Sachin Tendulkar is one of my favorite cricketers. I was disappointed when he was not included in the ICC all time great’s list. The only thing I hate about Tendulkar is his hunger for centuries. Not sure why but I just hate it. How does a century make a batsmen feel so good? I did not know why all the while until I found that this is my 100th post at trak.in. Now, I understand why centuries for batsmen and milestones in general are important. It feels good to reach a milestone.
When I bought myÂ first computer back in 2000, it was Pentium 2 processor with 128 MB RAM and 3GB hard drive. That costed my dad 25000 rupees. Since then I bought 2 laptop computers on my ownÂ at much lower price with features putting my first computer to shame. That is only expected in this industry of ours. Now the two laptops I have are defunct. One has a failed mother board and the other has a failed hard drive.
I swapped the hard drives and had one working computer. All seemed happy until yesterday when the hard drive on my new hybrid laptop failed yet again. Now I am almost computer less. I am actively looking for a new computer. I haven’t decided whether it is going to be a desktop or laptop or a netbook.
I have been hearing a lot about the netbook’s off late. They are making huge sales and eating into the market share of desktops and laptops alike. If fact, notebooks or laptops have outnumbered desktop sales for the first time last year. Netbooks which are considered as notebooks have contributed to this transformation.
What exactly is this netbook?
Netbooks has its roots in a research project of One laptop per child. It led the way for low-cost laptops and later to netbooks. The market is still divided on what a netbook is or isn’t. But, Netbook as I understand is a low-cost computer which gives me essential features of browsing the net, sending email and watching a video. Some say it is a cross between a low-cost laptop and a high-end mobile.
Netbook isn’t for gaming or hard core video editing. It also removes the things which might be redundant. Most netbooks come without a CD/DVD drive. Flash drives are so cheap and convenient these days that CD’s and DVD’s are almost redundant. And, most computers allow booting from flash drives.To put in a bit of cricket analogy, If desktops are test matches and Laptops are one-day international then netbooks are 20-20.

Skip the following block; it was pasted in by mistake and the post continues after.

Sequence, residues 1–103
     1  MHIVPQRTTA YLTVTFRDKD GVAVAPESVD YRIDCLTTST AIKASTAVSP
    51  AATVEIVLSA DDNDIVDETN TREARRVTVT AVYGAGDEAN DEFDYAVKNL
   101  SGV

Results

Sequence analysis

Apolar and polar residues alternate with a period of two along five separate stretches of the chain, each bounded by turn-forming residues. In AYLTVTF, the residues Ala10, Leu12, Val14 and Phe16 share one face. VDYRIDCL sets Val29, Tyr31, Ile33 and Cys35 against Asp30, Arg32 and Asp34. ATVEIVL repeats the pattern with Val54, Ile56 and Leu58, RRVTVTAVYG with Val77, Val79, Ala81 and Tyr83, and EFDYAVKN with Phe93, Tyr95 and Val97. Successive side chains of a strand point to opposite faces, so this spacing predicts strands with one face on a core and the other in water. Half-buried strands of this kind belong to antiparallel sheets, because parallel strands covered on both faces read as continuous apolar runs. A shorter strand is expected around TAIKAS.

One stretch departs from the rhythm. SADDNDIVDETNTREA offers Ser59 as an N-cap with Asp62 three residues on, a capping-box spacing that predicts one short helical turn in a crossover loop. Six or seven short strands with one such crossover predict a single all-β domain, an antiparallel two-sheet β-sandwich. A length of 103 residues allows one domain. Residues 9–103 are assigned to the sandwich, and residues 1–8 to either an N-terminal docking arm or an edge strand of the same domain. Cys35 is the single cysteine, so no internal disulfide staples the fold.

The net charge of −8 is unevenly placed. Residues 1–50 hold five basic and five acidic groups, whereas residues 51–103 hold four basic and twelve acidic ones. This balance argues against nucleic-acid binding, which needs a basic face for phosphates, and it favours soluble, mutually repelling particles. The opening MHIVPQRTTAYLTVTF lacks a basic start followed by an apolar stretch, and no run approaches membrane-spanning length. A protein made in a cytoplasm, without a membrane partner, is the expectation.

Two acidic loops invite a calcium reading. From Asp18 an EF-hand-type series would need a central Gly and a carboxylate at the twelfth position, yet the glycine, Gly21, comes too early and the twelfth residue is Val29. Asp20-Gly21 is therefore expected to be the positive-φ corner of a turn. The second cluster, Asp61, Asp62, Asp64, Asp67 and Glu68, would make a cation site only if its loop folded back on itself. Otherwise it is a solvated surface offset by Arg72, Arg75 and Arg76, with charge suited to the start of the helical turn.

Asus has started the revolution with EeePC. Other manufacturers like Acer, Dell and HP are following it. Some manufacturers like Toshiba are not embracing it as yet. But, industry as a whole see a huge potential for netbooks.
How can a computer designed for the third-world find such a huge acceptance? The computer market is still young in the 3rd world and no body really explored the market at the bottom. No one thought that a lot-cost computer would be a hit. No one really felt that computer has a market at the low-end. More than the 3rd world its acceptance is huge in the developed world. People are buying it as a second computer to aid them in their travel. Which is an indication the computer market in the developed world isn’t fully explored.
Acer has launched a netbook for 15000 rupees in India. This follows the Asus Eee Book launch and a bunch of other low cost PC’s. I have seen a Acer netbook which has a tiny little screen and keyboard. I found yping on that keyboard for a period difficult. I would go again and re-look those netbooks and make a decision. I am not willing to spend anything more than 15000 rupees (inclusive of all taxes).
With its lower battery weight and longer battery life, Netbook is more eco-friendly than a desktop or a laptop. It requires less energy for shipping. Running it would also me easy on the wallet. Windows 7, Microsoft’s new operating system can run on a Netbooks. This is just another example that netbooks are set to rise in 2009.
What do you think of netbooks in general and how do you think they will perform in India? If you already have a netbook please share your experience.
*Image credit : wikipedia